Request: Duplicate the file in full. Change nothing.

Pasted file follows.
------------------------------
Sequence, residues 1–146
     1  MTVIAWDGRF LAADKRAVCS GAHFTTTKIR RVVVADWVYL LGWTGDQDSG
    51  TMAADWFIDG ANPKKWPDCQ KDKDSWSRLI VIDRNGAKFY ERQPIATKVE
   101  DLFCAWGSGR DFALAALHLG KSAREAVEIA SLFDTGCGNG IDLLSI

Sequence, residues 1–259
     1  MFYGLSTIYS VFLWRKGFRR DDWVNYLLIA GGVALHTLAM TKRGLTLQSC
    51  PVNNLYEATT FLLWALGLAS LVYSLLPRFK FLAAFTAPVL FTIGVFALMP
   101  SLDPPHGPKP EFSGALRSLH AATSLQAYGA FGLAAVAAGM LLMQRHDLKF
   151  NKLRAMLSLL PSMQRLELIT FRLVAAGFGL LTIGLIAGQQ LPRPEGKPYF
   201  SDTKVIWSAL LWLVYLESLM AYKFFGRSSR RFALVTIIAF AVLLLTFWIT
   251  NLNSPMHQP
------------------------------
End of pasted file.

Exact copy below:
Sequence, residues 1–146
     1  MTVIAWDGRF LAADKRAVCS GAHFTTTKIR RVVVADWVYL LGWTGDQDSG
    51  TMAADWFIDG ANPKKWPDCQ KDKDSWSRLI VIDRNGAKFY ERQPIATKVE
   101  DLFCAWGSGR DFALAALHLG KSAREAVEIA SLFDTGCGNG IDLLSI

Sequence, residues 1–259
     1  MFYGLSTIYS VFLWRKGFRR DDWVNYLLIA GGVALHTLAM TKRGLTLQSC
    51  PVNNLYEATT FLLWALGLAS LVYSLLPRFK FLAAFTAPVL FTIGVFALMP
   101  SLDPPHGPKP EFSGALRSLH AATSLQAYGA FGLAAVAAGM LLMQRHDLKF
   151  NKLRAMLSLL PSMQRLELIT FRLVAAGFGL LTIGLIAGQQ LPRPEGKPYF
   201  SDTKVIWSAL LWLVYLESLM AYKFFGRSSR RFALVTIIAF AVLLLTFWIT
   251  NLNSPMHQP